Date: 2019
  11. By: Headey, Derek D.; Heckert, Jessica; Ndiaye, Biram; Brero, Mauro; Assey, Vincent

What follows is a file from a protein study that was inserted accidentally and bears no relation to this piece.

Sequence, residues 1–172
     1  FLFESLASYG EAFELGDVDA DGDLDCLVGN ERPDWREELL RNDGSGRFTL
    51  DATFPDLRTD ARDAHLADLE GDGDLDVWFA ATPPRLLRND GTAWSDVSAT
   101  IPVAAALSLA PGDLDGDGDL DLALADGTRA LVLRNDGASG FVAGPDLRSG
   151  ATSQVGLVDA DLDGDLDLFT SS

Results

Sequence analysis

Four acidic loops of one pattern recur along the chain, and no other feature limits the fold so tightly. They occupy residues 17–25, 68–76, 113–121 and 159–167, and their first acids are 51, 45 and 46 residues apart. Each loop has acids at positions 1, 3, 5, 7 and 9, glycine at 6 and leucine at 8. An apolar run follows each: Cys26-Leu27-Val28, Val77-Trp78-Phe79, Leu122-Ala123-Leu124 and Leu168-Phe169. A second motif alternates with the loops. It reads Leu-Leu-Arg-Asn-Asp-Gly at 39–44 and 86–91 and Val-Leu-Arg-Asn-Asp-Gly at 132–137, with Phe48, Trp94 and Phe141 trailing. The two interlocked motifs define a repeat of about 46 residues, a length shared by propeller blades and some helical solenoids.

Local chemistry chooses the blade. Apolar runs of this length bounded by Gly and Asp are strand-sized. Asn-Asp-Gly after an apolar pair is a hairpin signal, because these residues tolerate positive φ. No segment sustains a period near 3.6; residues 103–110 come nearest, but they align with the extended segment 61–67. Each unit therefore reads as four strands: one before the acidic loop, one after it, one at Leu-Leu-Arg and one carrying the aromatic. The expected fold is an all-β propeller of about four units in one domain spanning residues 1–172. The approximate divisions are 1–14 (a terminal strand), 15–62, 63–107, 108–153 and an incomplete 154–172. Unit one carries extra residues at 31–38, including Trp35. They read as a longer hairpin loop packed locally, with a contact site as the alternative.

Abstract: This research was undertaken in order to understand what factors have been driving stunting reduction in Tanzania over the recent past (2005-2015), and what can further accelerate progress against undernutrition in the near future (2015-2025). Chronic undernutrition in early childhood - often indicated by stunting - has highly detrimental consequences for long-term physical and cognitive development, school attendance and performance, and labor productivity and wages in adulthood. Understanding how countries have been able to successfully reduce stunting prevalence, and how they can accelerate this success in the future, are therefore critically important research questions. During the past decade, Tanzania has experienced rapid change in the nutrition status of children 0-5 years, particularly since 2010. Stunting declining from 44.3% in 2004-05 to 42.0% in 2010, before dropping sharply to 34.4% in 2015-16, a decline of 0.9 percentage points per year. This encouraging trend begs the main research question motivating this paper: what explains this progress? We address this question with a quantitative approach built upon both parametric and non-parametric regression techniques, and a simple linear regression decomposition at means. Previous studies applying this approach in South Asia have demonstrated the paramount importance of improvements in household wealth, parental education, maternal and child health care, and water, sanitation and hygiene (WASH). However, a novel contribution of the study is the consideration of infectious diseases, including malaria and HIV/AIDS: both diseases were very common in 2005, yet both saw dramatic improvements in prevention and treatment efforts in subsequent years. We show that proxies for the prevention/treatment of these diseases account for the largest share of the predicted reduction in stunting over 2005-16, that prevention of both diseases is associated with improvements in early childhood nutrition (suggestive of improvements in birth size and growth in early infancy), and that the apparent effects of these public health efforts are larger in regions where the diseases are more prevalent. In contrast, the apparent effects of household wealth, parental education, maternal and child health care and WASH are more important in explaining stunting reduction among older children. Finally, we go beyond historical decompositions by using the regression results to project alternative stunting reduction scenarios to 2025. If trends over 2005-2015 were to continue, Tanzania would fail to achieve the WHA target of a 40% reduction in stunting by 2025. However, an accelerated socio-economic development scenario - in which Tanzania achieves faster progress in a wide range of sectors, including improved child feeding - could achieve the WHA target and see stunting rates fall by a further 14 percentage points by 2025. These results reaffirm that solving stunting requires rapid and coordinated progress in multiple sectors, including nutrition-specific actions and a wide range of nutrition-sensitive actions.